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- The Forecaster
BRUNSWICK — Residents are mounting a campaign to avoid the temporary closing of Jordan Acres Elmentary School.
More than 75 people have joined a Facebook group called “Save Jordan Acres Elementary.”
The group was created over the weekend by Jonathan Crimmins, a parent of a Jordan Acres first-grader, who said he was frustrated by Superintendent of Schools Paul Perzanoski’s proposal to close the school next year and shift its students to Coffin and Harriet Beecher Stowe elementary schools.
“Jordan Acres was the place we wanted to send our kids,” said Crimmins, who also attended the school as a child. He said he believes there are better ways to save money than by closing the school, which he called “consistently one of the better schools in Brunswick.”
Other residents seem to agree.
“I will do what I can to save this school and these teachers jobs!!!” Sheri Howe posted on the group’s Facebook page. “This is THE best elementary school in Brunswick – and they want to close it!? Doesnt make any sense!”
After learning of the school closure proposal at last week’s budget workshop, Crimmins said it was “evident that this proposal has already essentially been voted upon.”
“Even though it was a proposal, several of the board members had known about this prior, and it had been a given that this would happen,” he said. He said he wished Jordan Acres parents had been informed of the proposal before the School Board meeting.
When asked how he would propose coming up with the more than $1 million in savings that would result from closing the school for a year, Crimmins didn’t have any specific ideas, although he is soliciting them on Facebook. In the meantime, he encouraged the board to “take a step back and see if there are other options.”
But Perzanoski said he has pored over the budget, and closing Jordan Acres temporarily is one of the only ways to save that much money without laying off even more teachers and increasing class sizes.
“If we don’t close that school I’ve got to cut another 32 positions,” the school chief said. “With this scenario, the (School) Department gets to maintain all of its programming.
Nearly 80 percent of savings from closing Jordan Acres would come from eliminating 15 jobs, including seven teachers and an administrator, Perzanoski said. The rest would come from reduced building maintenance and operating costs.
As part of the closure, Perzanoski said he would like to request $200,000 from the town’s capital improvement plan to study how much it would cost to renovate the school.
He cited a cracked roof beam that forced the school to close over the winter as evidence that Jordan Acres will need serious renovations in the near future.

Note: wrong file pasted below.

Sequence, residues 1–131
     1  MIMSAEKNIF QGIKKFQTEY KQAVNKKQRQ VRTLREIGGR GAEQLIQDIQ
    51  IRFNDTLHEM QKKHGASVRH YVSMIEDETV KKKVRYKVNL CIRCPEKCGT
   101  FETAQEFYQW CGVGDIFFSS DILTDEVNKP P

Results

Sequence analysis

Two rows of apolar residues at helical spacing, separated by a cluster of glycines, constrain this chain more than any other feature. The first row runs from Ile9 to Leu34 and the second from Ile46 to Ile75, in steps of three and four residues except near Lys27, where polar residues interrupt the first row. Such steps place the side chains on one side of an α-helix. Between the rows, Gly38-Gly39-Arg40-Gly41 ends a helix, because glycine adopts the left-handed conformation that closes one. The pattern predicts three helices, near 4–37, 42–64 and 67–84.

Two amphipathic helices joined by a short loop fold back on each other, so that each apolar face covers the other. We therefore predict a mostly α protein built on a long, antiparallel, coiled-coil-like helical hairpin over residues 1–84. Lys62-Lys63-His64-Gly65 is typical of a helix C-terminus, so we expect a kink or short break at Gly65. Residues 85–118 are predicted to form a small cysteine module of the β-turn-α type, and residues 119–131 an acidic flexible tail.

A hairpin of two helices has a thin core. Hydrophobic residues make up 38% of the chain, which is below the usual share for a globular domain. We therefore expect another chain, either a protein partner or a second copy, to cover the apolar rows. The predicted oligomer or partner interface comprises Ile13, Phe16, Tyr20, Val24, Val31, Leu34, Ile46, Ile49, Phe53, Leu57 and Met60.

Given that the town’s elementary school population is small enough to fit in two schools, Perzanoski said it is a good time to renovate Jordan Acres.
Many School Board members expressed support for the plan at the budget workshop.
“We really need to take advantage of the fact that we can do this, that we can take JA offline,” Janet Connors said, noting that other towns have struggled to find space for their students while closing a school for renovations.
Board Chairwoman and Jordan Acres parent Corrine Perreault agreed.
“I think the best way to show respect for JA is to take the time and make the school the best it should be,” she said.
But some board members expressed concern that if the town’s elementary school population increases while the school is still closed, Brunswick could run out of space, especially at the Harriet Beecher Stowe school, which was designed for 600 students but will hold 636 if Jordan Acres is taken off-line.
“The plan as we have it now, we don’t have that much wiggle room,” said board member Matt Corey.
“I’m worried that in three to four years we’ll get to a capacity where we’ll have to use all three schools.”
Perzanoski would like to see Coffin Elementary and the Junior High School renovated as well, and the town could continue to shuffle students and teachers between the buildings until those renovations were complete.
He said that Harriet Beecher Stowe has room for another 150 students before a third school would become necessary.
Matt Corey, also a Jordan Acres parent, said the reaction was largely positive from parents who spoke with him.
“For the most part, every parent I spoke with or who approached me said, ‘Wow this is really surprising, but it’s a good idea considering the situation we’re in.'”
The School Board will hold a public hearing on the budget on Wednesday, April 27, at 6 p.m.